That baggage, five large hiking packs full of sleeping bags, food, and far too much whiskey, fit in the rear without any struggle. Some buyers might consider a five-passenger crossover—a Q5 perhaps, staying in the Audi family—but while our trip did involve five passengers, I don’t think we would have had the same success without the extra length provided by a folded down third row. The Q7’s wide, squared-off cargo area gobbled up everything we could throw its way, and I still had a decent view rearward from the driver’s seat.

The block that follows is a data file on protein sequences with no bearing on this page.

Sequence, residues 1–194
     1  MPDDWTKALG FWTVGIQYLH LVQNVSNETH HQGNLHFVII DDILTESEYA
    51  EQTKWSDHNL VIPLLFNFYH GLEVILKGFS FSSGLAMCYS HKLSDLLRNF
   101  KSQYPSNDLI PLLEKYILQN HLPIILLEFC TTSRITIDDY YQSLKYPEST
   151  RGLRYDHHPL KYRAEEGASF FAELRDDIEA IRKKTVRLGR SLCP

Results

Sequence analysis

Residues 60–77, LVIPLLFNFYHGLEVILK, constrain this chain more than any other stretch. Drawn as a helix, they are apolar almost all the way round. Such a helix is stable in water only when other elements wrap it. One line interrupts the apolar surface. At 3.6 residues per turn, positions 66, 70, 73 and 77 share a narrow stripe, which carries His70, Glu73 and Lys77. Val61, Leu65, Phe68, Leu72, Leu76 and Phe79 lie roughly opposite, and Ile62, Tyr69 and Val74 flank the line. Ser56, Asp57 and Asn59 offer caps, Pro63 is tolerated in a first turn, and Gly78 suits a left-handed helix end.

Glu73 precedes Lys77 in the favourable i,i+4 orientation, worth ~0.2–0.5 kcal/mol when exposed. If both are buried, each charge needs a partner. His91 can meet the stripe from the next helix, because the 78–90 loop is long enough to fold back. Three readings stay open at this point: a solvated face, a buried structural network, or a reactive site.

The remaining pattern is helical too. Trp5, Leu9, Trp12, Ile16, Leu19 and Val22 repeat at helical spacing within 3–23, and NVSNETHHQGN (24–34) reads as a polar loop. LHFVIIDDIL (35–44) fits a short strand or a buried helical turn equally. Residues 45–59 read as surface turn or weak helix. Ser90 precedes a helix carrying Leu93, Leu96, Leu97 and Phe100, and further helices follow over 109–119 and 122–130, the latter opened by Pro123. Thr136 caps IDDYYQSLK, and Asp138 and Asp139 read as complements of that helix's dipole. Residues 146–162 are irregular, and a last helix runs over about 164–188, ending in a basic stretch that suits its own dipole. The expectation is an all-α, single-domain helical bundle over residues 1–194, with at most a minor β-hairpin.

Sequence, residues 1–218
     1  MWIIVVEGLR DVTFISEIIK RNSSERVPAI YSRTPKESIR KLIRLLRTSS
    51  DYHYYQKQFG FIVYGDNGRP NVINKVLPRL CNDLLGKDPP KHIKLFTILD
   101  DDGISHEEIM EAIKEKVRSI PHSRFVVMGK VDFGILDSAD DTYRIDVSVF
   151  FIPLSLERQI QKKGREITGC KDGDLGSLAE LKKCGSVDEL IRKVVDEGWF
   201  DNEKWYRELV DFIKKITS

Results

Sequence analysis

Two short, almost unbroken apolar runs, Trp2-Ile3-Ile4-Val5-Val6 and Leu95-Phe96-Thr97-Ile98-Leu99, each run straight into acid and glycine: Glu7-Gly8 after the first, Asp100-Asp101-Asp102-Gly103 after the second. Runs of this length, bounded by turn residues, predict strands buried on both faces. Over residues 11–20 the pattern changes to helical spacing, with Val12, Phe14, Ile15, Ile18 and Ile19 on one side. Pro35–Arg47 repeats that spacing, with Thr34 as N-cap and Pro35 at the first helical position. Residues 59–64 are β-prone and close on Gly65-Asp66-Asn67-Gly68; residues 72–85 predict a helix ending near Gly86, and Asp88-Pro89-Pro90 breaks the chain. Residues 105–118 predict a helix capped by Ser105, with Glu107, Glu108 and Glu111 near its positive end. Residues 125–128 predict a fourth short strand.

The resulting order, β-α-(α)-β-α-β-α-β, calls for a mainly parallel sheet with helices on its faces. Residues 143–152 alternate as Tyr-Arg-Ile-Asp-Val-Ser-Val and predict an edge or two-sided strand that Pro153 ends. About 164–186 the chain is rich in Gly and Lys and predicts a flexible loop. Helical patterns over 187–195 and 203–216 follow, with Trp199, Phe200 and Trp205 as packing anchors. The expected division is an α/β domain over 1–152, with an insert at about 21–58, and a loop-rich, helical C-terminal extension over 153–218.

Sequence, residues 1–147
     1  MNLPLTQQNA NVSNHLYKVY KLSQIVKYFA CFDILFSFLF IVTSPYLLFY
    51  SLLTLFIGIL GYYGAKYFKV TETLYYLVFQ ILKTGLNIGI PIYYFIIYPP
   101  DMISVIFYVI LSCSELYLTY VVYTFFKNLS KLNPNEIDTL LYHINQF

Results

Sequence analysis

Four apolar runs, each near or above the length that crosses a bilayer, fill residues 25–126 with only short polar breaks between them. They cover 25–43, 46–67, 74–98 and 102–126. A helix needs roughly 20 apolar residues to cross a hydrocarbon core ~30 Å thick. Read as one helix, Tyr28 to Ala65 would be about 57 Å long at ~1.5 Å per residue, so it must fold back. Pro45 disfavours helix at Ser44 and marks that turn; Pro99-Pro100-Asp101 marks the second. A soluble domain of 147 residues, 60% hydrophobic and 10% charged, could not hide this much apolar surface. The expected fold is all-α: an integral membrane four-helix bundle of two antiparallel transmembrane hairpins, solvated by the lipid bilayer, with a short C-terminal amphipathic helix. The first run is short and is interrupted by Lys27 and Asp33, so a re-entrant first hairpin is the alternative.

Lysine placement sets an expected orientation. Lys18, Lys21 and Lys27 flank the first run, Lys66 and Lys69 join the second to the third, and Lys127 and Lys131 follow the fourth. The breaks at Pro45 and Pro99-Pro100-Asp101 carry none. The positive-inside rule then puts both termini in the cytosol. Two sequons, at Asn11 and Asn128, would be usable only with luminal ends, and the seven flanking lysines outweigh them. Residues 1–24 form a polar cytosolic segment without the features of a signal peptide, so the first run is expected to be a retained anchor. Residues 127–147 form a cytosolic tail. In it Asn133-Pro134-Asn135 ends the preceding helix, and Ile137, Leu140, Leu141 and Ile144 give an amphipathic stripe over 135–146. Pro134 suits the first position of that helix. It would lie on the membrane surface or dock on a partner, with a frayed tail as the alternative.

We eventually escape the gridlock somewhere west of Schaumburg, Illinois, on our way slightly west before heading due north past Madison, Wisconsin. Thanks to a huge reserve of torque that’s readily accessible right off idle and reaches its 406-lb-ft peak at 2000 rpm, the city’s traffic didn’t seem all that bad. Stopping in short bursts isn’t a chore because a very small amount of throttle is required to smoothly begin moving again with a feeling something like a chair lift. Without much noise or jerkiness, you’re all of a sudden moving again. Gone even is the touchy throttle tip-in of many gas-powered Audis of late. This, the torquey-est of Audis might also provide the most relaxed driving experience.